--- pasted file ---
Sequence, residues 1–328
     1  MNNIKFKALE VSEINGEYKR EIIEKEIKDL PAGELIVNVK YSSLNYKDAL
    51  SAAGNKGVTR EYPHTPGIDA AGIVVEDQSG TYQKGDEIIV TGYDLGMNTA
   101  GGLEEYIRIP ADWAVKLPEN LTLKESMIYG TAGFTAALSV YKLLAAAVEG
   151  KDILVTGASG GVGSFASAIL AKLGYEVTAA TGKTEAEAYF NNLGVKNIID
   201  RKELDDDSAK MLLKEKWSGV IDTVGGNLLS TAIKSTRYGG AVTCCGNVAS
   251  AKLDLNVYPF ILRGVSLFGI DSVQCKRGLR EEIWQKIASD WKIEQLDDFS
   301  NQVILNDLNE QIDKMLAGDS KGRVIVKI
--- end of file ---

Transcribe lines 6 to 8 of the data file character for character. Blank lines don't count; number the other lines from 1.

   201  RKELDDDSAK MLLKEKWSGV IDTVGGNLLS TAIKSTRYGG AVTCCGNVAS
   251  AKLDLNVYPF ILRGVSLFGI DSVQCKRGLR EEIWQKIASD WKIEQLDDFS
   301  NQVILNDLNE QIDKMLAGDS KGRVIVKI